Thursday, March 03, 2005

School Accountability Raises Educational Performance 

This won't make MisEducation Minnesota very happy. A recent NBER report says that not just testing matters to increase student performance, but testing with consequences.
In looking state-by-state, Hanushek and Raymond find that the introduction of accountability systems leads to higher achievement growth than would have occurred without accountability. But simply reporting results of tests has a minimal impact on performance. The systems are much more effective if poor educational results have adverse consequences for the schools, thus supporting the contested provisions of NCLB that impose sanctions on failing schools.
Interestingly, though, testing-with-consequences increased the black-white achievement gap because the improvement in black test scores is less than the improvement in white test scores. The report also shows that blacks are hurt by higher minority concentration in their schools. From their paper:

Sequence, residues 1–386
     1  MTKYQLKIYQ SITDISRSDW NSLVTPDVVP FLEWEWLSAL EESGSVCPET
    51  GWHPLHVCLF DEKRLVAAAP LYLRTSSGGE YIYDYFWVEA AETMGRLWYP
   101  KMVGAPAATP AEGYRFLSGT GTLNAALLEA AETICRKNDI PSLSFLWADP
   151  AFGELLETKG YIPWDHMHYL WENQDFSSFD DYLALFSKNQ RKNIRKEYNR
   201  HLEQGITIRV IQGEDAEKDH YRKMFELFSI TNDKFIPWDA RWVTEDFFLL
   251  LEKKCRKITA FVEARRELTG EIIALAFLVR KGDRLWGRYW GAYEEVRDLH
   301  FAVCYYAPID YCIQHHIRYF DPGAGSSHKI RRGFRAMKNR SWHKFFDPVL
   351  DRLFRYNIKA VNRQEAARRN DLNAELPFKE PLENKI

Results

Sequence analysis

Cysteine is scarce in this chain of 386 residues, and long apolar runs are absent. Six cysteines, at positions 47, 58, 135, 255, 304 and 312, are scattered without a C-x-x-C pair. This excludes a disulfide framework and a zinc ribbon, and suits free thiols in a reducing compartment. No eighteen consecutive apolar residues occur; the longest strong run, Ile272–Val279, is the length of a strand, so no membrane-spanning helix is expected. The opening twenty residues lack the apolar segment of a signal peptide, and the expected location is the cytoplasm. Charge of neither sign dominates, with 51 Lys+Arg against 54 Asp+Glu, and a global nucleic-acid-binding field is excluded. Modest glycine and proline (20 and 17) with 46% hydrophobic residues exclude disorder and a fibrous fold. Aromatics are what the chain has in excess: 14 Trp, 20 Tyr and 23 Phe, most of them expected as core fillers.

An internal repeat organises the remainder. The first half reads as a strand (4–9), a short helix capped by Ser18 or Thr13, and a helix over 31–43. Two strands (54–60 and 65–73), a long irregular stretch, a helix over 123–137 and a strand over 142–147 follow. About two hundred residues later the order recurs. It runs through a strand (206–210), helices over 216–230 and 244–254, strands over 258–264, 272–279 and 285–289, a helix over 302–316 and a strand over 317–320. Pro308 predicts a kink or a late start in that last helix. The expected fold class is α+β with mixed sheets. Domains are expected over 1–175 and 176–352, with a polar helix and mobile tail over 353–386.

The finding of differential effects of accountability raises a clear policy dilemma. A prime reason for the U.S. federal government to require each state to develop a test based accountability system involved raising the achievement of all students, particularly those at the bottom. It has done that, but not at the same rate across groups. We conclude from this that additional policies are needed to deal with the multiple objectives. Again, as is frequently the case, a single policy cannot effectively work for two different objectives � raising overall student performance and providing more equal outcomes across groups.